Two Boys, from: Illustrations for Fourteen Poems by C.P.Cavafy, 1966
Etching, aquatint on paper
64 × 51 cm
Museum Ludwig, Cologne
Donation from Herbert Meyer-Ellinger and Christoph Vowinckel, 2016
© David Hockney
Reproduction: David Hockney, Inc.
Expanded Graphics New Acquisitions and Works from the Collection, with Two Films by James Scott Hockney/Hamilton
Films about art can make art seem small and banal, but they can also expand and enlarge it—like the first films by the British art film pioneer James Scott (*1941). The Museum Ludwig will bring them into a dialogue with the works they feature: David Hockney’s Illustrations for Fourteen Poems by C.P. Cavafy (1966) and works by Richard Hamilton. The Cologne-based collectors Herbert Meyer-Ellinger and Christoph Vowinckel donated this series of works by Hockney to the museum in 2016. Now it is being exhibited for the first time, along with works on paper by Hockney and Hamilton from the collection, supplemented with loans from private collections.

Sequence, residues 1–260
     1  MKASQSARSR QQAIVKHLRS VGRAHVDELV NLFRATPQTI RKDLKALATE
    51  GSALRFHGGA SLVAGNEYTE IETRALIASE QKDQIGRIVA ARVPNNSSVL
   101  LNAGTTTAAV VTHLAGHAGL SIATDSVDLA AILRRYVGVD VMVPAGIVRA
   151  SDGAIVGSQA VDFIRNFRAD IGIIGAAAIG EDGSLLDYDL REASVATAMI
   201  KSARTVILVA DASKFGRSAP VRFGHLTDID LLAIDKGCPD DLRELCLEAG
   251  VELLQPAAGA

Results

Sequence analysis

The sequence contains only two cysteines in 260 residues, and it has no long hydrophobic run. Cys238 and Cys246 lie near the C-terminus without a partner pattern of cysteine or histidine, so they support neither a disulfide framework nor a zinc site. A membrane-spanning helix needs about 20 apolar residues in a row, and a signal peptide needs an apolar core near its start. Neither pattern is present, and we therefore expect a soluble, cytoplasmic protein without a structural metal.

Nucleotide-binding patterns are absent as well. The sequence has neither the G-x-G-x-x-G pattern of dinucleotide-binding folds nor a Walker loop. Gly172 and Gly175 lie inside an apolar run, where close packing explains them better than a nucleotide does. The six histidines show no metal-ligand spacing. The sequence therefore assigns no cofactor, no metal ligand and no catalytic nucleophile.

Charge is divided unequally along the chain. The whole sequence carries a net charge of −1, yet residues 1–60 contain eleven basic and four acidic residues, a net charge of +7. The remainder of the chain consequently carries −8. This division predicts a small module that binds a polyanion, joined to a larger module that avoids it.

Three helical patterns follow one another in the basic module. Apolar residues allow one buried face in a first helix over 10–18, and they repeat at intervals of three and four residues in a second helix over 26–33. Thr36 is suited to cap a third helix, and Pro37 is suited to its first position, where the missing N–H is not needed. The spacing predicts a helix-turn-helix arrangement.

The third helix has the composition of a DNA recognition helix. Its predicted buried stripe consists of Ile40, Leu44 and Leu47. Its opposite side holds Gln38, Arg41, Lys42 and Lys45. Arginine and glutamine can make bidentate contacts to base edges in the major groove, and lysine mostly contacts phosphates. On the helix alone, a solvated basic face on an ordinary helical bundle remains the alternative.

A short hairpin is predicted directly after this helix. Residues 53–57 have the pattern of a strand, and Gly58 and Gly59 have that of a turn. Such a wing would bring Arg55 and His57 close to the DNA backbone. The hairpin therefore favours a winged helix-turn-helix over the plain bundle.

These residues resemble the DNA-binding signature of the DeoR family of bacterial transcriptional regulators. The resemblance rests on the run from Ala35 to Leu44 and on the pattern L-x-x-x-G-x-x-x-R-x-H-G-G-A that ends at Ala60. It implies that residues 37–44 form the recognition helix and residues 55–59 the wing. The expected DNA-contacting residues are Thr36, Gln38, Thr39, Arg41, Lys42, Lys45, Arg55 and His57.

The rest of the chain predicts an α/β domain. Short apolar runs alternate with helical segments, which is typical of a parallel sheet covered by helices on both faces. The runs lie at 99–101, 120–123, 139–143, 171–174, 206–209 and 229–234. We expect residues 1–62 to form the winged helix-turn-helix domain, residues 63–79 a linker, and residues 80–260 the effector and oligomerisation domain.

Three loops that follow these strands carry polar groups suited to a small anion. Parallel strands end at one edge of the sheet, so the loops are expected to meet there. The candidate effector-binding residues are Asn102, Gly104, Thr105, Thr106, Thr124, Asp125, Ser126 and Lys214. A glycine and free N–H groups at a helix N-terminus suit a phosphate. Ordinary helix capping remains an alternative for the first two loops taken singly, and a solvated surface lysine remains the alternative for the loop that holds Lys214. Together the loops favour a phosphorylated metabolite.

Illustrations for Fourteen Poems by C.P. Cavafy comes from an early creative phase that was central to David Hockney’s development. This portfolio brings together three subjects of Hockney’s art: his interest in the expressive possibilities of prints, the question of the relationship between literature and visual art, and the markedly self-evident portrayal of homosexuality in a dominantly heterosexual society.
Richard Hamilton was one of the earliest representatives of British Pop Art. Hockney painted his portrait, and in 1971 both artists protested against admission fees for British museums. Hamilton’s prints carry out subversion through affirmation, distilling banal elements of popular culture (celebrity worship, advertising, postcards) in order to reveal the emptiness behind the abundance, the horror behind the kitsch.